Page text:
The Women’s March on D.C.
I’m sure most people have (at some point), sat in a history class learning of some terrible event or period from the past, and thought to themselves, “If I lived in that time, I know I would’ve fought alongside ____, standing up against ____!”
This was my chance!
To be a part of something much, much greater than myself…to take a stand in a moment that may go down in history as one of the key moments in the fight for gender parity.
The experience of the event itself was a lot less romantic, to say the least. I have never felt more crowded, trapped, claustrophobic, sweaty and freezing (simultaneously – it’s a thing, I promise) in my life. Far more people turned out for the march than expected, leading to hours where I literally could not move an inch (without fierce meows from pink kittens, of course). Because of this massive turnout, the crowd soon become restless to move, while the march planners were determined to kept their initial agenda.
Although the ‘physical’ part of the experience was pretty goddamn miserable, the over-arching mission(s) never wavered, at least through my eyes. The strength, beauty, and hope that blanketed the march, surely were most palpable for different people in different ways; for some, the sheer number of marchers (and statistics to result) may have been the most moving and encouraging. For others, perhaps it was seeing their favorite musician delivering a kick-ass speech on stage, or seeing brothers, sons, fathers, and grandfathers, marching proudly alongside the gender to which they owe their day-to-day existence. Kidding! (…kinda)
For me, it was the art.
I am no artist. In fact, I pretty much failed my piece at one of those wine + follow-along paint places (something they guarantee is impossible to do!). However, I’ve always held a deep appreciation of art and the power it possesses. In a moment where the noise of the marchers was supposed to match – if not exceed – the endless noise created by Trump and the media that has surrounded him; it was the posters, pins, clothing, photos, and banners, that – to me – conveyed the loudest voice. Through these pieces done by both artists and ‘non-artists’ alike, the individual and collective were represented; individual interests and passions, representing collective issues and/or groups of people and, ultimately, the collective cry of all participants for change.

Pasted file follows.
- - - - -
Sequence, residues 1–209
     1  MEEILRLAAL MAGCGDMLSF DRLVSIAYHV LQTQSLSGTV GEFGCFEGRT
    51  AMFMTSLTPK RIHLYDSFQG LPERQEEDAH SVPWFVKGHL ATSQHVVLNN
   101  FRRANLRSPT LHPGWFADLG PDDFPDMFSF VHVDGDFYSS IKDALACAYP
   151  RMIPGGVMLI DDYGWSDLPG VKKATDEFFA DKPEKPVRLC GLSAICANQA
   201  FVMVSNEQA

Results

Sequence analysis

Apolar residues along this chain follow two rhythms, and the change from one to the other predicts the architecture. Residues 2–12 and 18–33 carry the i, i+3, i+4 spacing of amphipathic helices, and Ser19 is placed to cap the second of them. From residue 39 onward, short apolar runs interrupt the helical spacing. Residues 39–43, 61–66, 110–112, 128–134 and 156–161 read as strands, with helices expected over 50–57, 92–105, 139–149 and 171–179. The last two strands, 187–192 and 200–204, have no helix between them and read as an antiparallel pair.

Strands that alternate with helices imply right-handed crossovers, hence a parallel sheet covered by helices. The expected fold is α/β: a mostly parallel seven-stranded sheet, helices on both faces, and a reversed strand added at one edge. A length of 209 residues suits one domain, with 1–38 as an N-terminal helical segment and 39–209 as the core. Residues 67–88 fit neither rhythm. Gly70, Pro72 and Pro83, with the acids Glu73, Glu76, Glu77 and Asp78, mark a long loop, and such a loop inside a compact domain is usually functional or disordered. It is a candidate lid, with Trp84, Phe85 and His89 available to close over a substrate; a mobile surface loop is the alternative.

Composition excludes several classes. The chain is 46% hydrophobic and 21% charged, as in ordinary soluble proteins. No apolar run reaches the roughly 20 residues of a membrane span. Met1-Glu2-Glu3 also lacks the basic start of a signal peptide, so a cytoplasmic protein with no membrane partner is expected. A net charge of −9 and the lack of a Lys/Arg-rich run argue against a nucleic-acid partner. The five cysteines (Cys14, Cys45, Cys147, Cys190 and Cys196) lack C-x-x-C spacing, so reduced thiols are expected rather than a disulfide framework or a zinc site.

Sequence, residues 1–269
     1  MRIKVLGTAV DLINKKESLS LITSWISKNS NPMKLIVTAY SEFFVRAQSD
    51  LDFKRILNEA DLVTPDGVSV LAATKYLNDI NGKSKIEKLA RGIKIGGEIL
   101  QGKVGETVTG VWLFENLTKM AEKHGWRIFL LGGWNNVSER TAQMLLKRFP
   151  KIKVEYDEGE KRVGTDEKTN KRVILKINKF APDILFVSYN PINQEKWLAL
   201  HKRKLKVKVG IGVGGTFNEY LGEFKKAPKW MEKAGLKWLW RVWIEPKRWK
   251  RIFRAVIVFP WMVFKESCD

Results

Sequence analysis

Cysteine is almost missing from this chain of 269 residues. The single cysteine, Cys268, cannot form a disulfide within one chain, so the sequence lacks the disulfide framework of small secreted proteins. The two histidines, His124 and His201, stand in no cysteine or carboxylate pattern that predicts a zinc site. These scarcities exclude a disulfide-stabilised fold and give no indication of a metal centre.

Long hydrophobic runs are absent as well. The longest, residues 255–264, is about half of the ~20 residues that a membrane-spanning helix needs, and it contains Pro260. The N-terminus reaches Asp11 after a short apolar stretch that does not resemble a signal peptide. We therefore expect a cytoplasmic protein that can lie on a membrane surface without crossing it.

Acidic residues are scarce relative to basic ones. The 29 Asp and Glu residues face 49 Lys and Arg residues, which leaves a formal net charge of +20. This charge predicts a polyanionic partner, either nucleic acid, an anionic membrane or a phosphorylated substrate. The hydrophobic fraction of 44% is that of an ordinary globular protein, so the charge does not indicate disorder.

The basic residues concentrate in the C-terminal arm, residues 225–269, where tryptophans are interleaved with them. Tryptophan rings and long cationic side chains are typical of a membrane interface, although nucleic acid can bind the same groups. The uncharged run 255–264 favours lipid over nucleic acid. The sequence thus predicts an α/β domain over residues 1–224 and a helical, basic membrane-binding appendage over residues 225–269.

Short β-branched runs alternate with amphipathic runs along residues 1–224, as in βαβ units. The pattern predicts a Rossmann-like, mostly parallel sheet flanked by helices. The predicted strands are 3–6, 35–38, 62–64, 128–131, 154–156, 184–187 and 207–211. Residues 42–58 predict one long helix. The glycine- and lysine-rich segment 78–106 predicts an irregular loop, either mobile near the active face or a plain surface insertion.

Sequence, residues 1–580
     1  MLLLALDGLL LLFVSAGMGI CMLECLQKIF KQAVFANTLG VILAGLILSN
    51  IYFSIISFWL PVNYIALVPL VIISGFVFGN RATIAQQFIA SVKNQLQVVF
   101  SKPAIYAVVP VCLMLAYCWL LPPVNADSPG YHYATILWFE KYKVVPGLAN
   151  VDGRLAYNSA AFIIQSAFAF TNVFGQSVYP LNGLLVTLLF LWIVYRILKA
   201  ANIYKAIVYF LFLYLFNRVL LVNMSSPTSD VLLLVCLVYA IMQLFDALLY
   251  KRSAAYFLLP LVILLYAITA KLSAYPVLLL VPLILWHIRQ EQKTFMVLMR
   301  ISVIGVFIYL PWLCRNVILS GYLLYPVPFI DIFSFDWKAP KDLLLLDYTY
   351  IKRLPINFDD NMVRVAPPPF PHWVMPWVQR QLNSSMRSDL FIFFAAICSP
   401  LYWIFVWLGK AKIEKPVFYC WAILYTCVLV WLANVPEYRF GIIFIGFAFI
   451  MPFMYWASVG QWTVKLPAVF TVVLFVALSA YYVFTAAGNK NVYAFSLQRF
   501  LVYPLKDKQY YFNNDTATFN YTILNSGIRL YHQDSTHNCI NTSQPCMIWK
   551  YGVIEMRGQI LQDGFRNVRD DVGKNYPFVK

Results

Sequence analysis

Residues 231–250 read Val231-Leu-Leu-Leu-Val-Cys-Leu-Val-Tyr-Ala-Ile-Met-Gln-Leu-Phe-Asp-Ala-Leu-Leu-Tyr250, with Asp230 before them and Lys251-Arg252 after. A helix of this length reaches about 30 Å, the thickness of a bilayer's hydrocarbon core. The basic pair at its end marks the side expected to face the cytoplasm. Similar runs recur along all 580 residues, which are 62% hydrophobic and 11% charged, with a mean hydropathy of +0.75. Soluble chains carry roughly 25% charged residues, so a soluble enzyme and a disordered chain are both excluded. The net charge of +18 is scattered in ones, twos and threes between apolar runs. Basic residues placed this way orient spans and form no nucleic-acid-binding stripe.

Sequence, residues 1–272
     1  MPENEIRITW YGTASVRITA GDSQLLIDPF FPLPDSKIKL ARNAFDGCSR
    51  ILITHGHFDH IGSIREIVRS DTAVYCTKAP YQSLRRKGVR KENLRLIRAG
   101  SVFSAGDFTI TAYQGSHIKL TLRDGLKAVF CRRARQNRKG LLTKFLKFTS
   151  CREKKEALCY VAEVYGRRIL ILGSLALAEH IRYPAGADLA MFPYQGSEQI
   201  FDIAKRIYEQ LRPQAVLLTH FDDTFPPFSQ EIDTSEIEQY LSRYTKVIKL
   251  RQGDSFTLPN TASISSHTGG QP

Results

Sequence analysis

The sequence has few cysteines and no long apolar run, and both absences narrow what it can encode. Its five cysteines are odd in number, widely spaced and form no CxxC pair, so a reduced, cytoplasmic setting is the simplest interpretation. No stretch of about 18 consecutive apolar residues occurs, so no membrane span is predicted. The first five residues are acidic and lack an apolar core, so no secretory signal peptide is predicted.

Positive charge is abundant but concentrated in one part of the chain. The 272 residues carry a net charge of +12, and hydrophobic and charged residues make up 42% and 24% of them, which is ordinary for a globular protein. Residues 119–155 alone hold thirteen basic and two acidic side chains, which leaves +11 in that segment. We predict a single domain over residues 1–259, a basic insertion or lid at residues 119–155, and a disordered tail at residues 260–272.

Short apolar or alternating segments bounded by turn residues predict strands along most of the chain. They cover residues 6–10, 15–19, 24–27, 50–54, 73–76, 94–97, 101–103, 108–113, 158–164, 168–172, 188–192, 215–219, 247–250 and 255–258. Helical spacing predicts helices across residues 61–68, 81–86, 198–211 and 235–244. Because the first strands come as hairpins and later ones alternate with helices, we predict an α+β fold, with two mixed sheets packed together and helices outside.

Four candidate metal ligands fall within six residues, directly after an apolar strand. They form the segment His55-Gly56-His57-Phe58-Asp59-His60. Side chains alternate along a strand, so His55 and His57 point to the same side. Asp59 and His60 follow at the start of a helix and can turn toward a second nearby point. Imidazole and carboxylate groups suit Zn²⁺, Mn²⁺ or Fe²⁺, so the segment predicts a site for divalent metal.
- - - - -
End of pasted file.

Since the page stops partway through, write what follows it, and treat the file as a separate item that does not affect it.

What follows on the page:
Expectation and reality rarely align. However, the perception of each does often influence the experience of the other. Even though the Women’s March was extremely different from my original expectations, my perception of the event by way of art, made the reality – the truth – all the more meaningful. Ultimately, I was left with something I think may be more constructive and more powerful than expectation; hope. Hope that the reality of the future, will meet the expectations expressed through the art of the people.